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Cheese War: Conflict and Courage in Tillamook County, Oregon

Tekijä: Marilyn Milne

JäseniäKirja-arvostelujaSuosituimmuussijaKeskimääräinen arvioKeskustelut
2-5,348,362--
"In the 1960s, Tillamook County was at war with itself. As the regional dairy industry shifted from small local factories to larger consolidated factories, as food safety and factory conditions became more important, as the profit margins between milk and cheese collapsed, Tillamook farmers found themselves at a crossroads. How should the producers work with distributors, and how could they advocate for their businesses without pricing themselves out of the market? On one side of the debate was Beale Dixon, head of the County Creamery Association, the co-op that represented the county's farmers and packaged their products for the big dairy distributors in the Willamette Valley. Dixon set up a scheme to offer low-interest, low-collateral loans to the supermarkets that stocked CCA products; he argued it was a cheap, easy way to ensure good will-and continued purchases-in a tight market. On the other side was George Milne, a respected farmer and board member of Tillamook Cheese and Dairy Association, the largest producer in the CCA. Milne believed that Dixon's loan program amounted to fraud and embezzlement, and cheated the farmers out of money they were due. The question of loans soon spiraled out into a community-wide dispute, exacerbated by a complex web of family and business relationships that made conflicts of interest hard to avoid. Dixon worked for both CCA and Cheese and Dairy; he was fired from one but not the other. The Cheese War raged for the better part of a decade, across board meetings and courtrooms and the community itself. Co-op members traded recall petitions and rival factions distributed misleading petitions and letters. While largely unknown outside of Tillamook County, the Cheese War was so divisive that some families remain fractured today. Sisters Marilyn Milne and Linda Kirk were children of the Cheese War. In elementary school, they saw how it absorbed their parents, Barbara and George Milne. As adults, they realized they actually knew very little about it and set out to learn the real story. The authors have conducted years of research through the archives and newspapers of Tillamook County and conducted numerous interviews and oral histories of key players in the Cheese War and their families. As Americans become ever more interested in food supply chains and ethical consumption, here is a story of the very human factors behind one of Oregon's most famous brands"--… (lisätietoja)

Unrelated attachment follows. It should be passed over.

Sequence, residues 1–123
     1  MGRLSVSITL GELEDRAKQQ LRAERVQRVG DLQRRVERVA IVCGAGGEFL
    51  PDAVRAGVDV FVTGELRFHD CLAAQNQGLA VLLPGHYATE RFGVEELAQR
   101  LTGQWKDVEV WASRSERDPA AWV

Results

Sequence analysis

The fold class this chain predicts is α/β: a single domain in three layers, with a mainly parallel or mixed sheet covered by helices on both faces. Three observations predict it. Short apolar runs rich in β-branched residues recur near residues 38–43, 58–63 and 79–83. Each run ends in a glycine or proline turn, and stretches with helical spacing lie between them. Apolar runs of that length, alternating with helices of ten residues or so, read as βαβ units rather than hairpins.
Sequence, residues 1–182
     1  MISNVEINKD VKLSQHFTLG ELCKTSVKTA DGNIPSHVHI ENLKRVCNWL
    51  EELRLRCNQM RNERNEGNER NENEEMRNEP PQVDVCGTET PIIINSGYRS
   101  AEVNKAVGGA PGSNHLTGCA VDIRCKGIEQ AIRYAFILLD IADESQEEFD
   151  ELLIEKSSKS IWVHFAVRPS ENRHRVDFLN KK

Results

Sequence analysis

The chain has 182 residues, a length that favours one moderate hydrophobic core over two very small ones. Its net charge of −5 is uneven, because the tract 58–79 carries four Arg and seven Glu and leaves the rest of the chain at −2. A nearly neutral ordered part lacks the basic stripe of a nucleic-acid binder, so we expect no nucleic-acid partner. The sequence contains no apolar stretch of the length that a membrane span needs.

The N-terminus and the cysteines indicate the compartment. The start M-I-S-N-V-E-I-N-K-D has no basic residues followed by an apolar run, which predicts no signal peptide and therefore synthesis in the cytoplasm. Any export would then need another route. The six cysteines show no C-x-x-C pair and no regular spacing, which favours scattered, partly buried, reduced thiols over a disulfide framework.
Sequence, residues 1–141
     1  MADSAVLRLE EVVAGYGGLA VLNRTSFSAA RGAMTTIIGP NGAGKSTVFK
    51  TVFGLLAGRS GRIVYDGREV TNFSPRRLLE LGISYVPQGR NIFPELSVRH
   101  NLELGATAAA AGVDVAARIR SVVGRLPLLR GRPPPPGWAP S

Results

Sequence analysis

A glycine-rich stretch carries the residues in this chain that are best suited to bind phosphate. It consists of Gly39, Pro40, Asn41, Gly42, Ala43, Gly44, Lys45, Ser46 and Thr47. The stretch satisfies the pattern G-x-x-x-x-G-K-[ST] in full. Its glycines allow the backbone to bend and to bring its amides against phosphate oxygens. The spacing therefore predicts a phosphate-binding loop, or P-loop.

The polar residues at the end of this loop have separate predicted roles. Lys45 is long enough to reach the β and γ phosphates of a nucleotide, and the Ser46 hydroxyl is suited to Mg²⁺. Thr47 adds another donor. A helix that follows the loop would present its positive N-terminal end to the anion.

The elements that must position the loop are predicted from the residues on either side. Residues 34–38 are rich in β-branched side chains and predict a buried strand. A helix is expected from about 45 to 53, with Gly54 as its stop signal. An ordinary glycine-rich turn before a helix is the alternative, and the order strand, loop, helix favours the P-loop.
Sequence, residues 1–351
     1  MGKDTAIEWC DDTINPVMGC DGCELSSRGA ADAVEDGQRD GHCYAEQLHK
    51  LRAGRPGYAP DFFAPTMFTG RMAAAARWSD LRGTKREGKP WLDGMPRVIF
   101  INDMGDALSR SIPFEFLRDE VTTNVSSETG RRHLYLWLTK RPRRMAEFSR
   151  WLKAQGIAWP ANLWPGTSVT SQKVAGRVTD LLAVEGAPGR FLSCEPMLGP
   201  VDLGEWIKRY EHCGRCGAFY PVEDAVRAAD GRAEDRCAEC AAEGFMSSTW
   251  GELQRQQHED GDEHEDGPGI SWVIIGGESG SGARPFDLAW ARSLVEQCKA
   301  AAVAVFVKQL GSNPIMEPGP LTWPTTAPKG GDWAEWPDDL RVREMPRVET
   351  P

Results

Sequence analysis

Viimeisimmät tallentajatzenadun101, jamberrychoux
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Englanninkielinen Wikipedia

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"In the 1960s, Tillamook County was at war with itself. As the regional dairy industry shifted from small local factories to larger consolidated factories, as food safety and factory conditions became more important, as the profit margins between milk and cheese collapsed, Tillamook farmers found themselves at a crossroads. How should the producers work with distributors, and how could they advocate for their businesses without pricing themselves out of the market? On one side of the debate was Beale Dixon, head of the County Creamery Association, the co-op that represented the county's farmers and packaged their products for the big dairy distributors in the Willamette Valley. Dixon set up a scheme to offer low-interest, low-collateral loans to the supermarkets that stocked CCA products; he argued it was a cheap, easy way to ensure good will-and continued purchases-in a tight market. On the other side was George Milne, a respected farmer and board member of Tillamook Cheese and Dairy Association, the largest producer in the CCA. Milne believed that Dixon's loan program amounted to fraud and embezzlement, and cheated the farmers out of money they were due. The question of loans soon spiraled out into a community-wide dispute, exacerbated by a complex web of family and business relationships that made conflicts of interest hard to avoid. Dixon worked for both CCA and Cheese and Dairy; he was fired from one but not the other. The Cheese War raged for the better part of a decade, across board meetings and courtrooms and the community itself. Co-op members traded recall petitions and rival factions distributed misleading petitions and letters. While largely unknown outside of Tillamook County, the Cheese War was so divisive that some families remain fractured today. Sisters Marilyn Milne and Linda Kirk were children of the Cheese War. In elementary school, they saw how it absorbed their parents, Barbara and George Milne. As adults, they realized they actually knew very little about it and set out to learn the real story. The authors have conducted years of research through the archives and newspapers of Tillamook County and conducted numerous interviews and oral histories of key players in the Cheese War and their families. As Americans become ever more interested in food supply chains and ethical consumption, here is a story of the very human factors behind one of Oregon's most famous brands"--

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